The cultural environment at LSE is quite vivacious, owing to the multiplicity of ethnicities and countries that are a part of the student community. Therefore, student life is filled with arts and cultural activities, such as free weekly music concerts in the beautiful Shaw Library that hosts an impressive range of international musicians and instruments. There are regular art exhibitions on the campus itself, along with works of art being displayed all over the campus.
Additionally, LSE Volunteer Centre, a part of LSE Careers, provides students with a platform to actively contribute to a diverse range of social causes and make a difference in the local as well as a global community in various ways by volunteering with charities and nonprofits based in London as well as abroad. On campus itself, charitable societies like Amnesty International give students an opportunity to contribute to global development causes.
How is the London School of Economics for Indian students?
For Indian students, studying at LSE is a golden opportunity to immerse in cutting-edge global know-how and gain an appreciation of diverse world views. Academically, LSE is an exceptional value addition to their profile, the curriculum and innovative guidance followed by its teaching fraternity allowing them a pass into a successful career path.
In 2018, LSE welcomed 296 students from India, 80 at the undergraduate level and 216 at the postgraduate or graduate level.
Internal clubs like The India Society, the largest and the most active India-focused society on campus, help Indian students settle in seamlessly into LSE’s cosmopolitan environment. The society also promotes Indian culture on campus, celebrates major festivals, hosts Bollywood nights and organise social events regularly, providing a great platform for Indian students to locate and interact with other Indian students. The society also hosts an annual conference called LSE SU India Forum that brings together eminent personalities from India to deliver lectures on the big and contemporary issues in India.
The London School of Economics graduates are some of the most noted professionals and are in perennial demand by organizations across sectors. While many opt for employment after graduating, there is a significant chunk that advances in research fields and contributes to solving the most complex of problems faced by the world today.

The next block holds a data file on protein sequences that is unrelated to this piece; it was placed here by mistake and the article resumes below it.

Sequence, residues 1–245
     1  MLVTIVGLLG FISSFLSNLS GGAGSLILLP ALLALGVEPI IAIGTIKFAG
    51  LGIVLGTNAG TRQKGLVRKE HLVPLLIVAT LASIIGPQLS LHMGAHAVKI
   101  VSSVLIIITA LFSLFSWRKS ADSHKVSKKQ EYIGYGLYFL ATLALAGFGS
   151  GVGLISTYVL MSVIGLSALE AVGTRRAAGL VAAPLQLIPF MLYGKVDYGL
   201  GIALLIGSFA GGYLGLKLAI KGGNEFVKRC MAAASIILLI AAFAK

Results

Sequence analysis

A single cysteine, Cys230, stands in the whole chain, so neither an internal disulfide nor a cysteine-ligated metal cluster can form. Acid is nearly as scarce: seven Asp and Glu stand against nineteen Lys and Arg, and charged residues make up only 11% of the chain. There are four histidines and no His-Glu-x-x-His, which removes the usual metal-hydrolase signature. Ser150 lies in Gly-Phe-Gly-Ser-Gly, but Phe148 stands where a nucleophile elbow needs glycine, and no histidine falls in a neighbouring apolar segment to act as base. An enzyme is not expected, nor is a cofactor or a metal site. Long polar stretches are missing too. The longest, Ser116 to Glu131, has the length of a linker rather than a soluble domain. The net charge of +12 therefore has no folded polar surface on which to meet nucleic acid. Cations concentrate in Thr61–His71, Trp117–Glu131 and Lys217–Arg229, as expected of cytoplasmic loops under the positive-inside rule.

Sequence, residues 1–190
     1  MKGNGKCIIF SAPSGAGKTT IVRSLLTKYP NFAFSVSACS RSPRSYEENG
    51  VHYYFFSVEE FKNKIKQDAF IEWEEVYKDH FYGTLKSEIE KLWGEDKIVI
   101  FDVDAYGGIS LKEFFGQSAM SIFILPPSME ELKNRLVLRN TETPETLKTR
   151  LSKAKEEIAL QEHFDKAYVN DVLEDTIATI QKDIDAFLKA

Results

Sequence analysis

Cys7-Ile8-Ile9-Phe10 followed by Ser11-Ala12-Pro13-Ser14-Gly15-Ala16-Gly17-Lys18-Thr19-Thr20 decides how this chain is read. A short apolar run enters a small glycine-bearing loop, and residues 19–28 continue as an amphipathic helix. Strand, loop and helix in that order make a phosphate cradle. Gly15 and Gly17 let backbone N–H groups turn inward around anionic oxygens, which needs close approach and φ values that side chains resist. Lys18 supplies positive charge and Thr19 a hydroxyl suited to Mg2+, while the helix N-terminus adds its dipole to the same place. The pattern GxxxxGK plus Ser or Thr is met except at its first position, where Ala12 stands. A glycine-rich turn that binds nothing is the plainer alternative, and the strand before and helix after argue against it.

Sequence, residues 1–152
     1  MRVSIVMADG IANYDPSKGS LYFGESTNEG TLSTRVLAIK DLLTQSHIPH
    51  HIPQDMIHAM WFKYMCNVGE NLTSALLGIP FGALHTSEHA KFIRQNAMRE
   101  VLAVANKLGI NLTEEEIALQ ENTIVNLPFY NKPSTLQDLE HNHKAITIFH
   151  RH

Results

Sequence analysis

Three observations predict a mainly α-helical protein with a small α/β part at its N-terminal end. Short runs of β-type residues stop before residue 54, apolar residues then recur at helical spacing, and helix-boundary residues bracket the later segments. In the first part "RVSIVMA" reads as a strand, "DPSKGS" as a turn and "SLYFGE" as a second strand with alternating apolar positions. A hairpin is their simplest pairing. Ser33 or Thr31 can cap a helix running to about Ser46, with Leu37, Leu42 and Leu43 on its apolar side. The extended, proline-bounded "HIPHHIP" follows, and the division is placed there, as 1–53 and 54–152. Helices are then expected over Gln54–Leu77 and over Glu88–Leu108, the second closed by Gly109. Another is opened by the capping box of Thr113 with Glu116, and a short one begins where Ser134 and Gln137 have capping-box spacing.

The majority of LSE graduates go on to work in the political sector with the government or in the social sector with NGOs and international development organizations. Other fields that LSE graduates find employment in are banking and finance, education and teaching, consultancy, information and digital technology, FMCG and manufacturing, marketing and communications, media management, and market research, among others.
In a recent survey conducted by the institution, it was found that LSE graduates found employment in 113 different countries with 52% of them working outside the United Kingdom. A significant percentage also go on to pursue their PhD after graduating, conducting cutting-edge research in diverse fields.
LSE Economics graduates, specifically, are some of the most sought-after professionals by organizations in both public as well as the private sector and are considered subject-matter experts. Their understanding of socio-political concepts and their ability to use their analytical and mathematical skills in consonance with those concepts is highly appreciated by employers near and far, including in the exciting areas of data science, data analytics and quantitative analysis.
While it can get considerably challenging to gain admission in LSE itself, the institute has made it possible for aspirants to study its outstanding curriculum in their home country through a network of international teaching institutions. These institutions offer the University of London International Programmes in Economics, Finance, Management, and Social Sciences (EMFSS) under the academic direction from the London School of Economics.
Spread across the world, LSE currently works with over 70 such global teaching institutions. These institutions are a platform for students to be a part of the global student community of LSE while living in their own country, availing the pioneering academic direction of LSE without changing geographies, making the LSE-based education more accessible for international students.
In India, the Indian School of Business & Finance (ISBF) offers these programmes and is one of the top featured teaching institutions of the London School of Economics. The institute receives regular visits from LSE faculty who train the ISBF faculty members and also deliver lectures for the students. For instance, Dr. James Abdey, Assistant Professorial Lecturer of Statistics at the London School of Economics is also a visiting faculty at ISBF for the newly launched Graduate Diploma in Data Science programme.
All students of international programmes studying at ISBF, and other global teaching institutions, are also the students of the University of London and are assessed according to the same internal standard followed by the university to ensure uniformity in the credentials, irrespective of mode or place of study or examination. Thus, all students who pursue and complete the programme are awarded their degrees by the University of London specifying the name of the lead college that imparted the academic direction for the programme.
Read about ISBF: An LSE Education in India
The students at these teaching institutions get access to the study material and online resources designed by the educators at LSE. Exam papers are set by the LSE faculty and the transcripts are sent to LSE for grading. The results are declared globally along with all other Affiliate Centres of the University of London across the world.